Wednesday, February 20, 2013

Meet the Caloriemeter -- It's Not What You Think

Columbus Berry Bailiff was the first cousin four times removed of my nephew's wife. He was born in September 1879 in Tennessee and died in Nashville of typhoid fever in 1915, suffering for three weeks before death. He was 35 years old and known as Lum to family and friends.

Lum married Beulah Grooms sometime after 1900. They lived on 1305 Greenwood Avenue in Nashville, Tennesse. Their marriage produced no known children. Beulah never remarried and lived with her mother, who was also widowed young, the rest of her life.

Lum was working for Harvester Company of the Americas in the Collections Department as a commercial trader when he died. Typhoid is a bacterial disease transmitted by the ingestion of food or water contaminated with the feces of an infected person.

In the same year Lum died, the Alumnae Association of Bellevue, Pension Fund Committee, published a short history of Bellevue Hospital and of the training schools, which included information about treating various diseases.  The guide had this to say about the new, "modern" methods of treating typhoid:
The old treatment of typhoid fever was to supply food very sparingly to the patient, leaving him weak and emaciated at the end of the fever. Fatal results were feared if the patient was given much nourishment. The most modern treatment, however, is that with extreme care and expert knowledge in the selection and administration of food, it is safe to provide enough nourishment to keep up the patient's weight and strengh. Scientific knowledge of foods, combined with understanding the bodily requirements, is essential.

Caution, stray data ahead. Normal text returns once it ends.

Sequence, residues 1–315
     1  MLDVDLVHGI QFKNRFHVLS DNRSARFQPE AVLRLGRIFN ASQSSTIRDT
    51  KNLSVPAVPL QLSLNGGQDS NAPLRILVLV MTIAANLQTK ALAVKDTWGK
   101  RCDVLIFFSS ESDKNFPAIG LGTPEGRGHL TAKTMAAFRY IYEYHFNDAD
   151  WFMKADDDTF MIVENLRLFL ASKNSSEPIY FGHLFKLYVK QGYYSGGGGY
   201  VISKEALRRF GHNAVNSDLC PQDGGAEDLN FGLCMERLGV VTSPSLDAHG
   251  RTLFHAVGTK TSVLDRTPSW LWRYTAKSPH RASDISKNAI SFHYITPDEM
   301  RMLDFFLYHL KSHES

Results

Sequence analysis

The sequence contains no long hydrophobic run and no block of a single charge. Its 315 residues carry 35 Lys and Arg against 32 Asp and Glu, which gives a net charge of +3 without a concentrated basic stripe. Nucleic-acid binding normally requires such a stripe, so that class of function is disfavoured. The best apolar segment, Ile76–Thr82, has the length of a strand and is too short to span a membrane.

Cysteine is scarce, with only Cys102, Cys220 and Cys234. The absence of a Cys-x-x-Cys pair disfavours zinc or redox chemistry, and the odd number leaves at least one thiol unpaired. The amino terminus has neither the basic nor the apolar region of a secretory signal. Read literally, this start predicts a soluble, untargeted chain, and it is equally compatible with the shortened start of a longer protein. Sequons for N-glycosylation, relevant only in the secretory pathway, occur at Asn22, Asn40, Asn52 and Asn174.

The respiration calorimeter was invented to monitor the heat the typhoid  patient's body produced.


The respiration caloriemeter consists of a big box, in which a patient is placed for two or three hours, with a set of instruments that will record every vestige of heat produced inside the box. Arrangements are made to keep it at an even and comfortable temperature and to supply good ventilation. The record will show the heat production at the rate of a certain number a calories a day, weight and size making much difference between normal individuals.

Thankfully, the incidence of typhoid fever in the United States has markedly decreased since the early 1900s and is no longer treated using the respiration caloriemeter!

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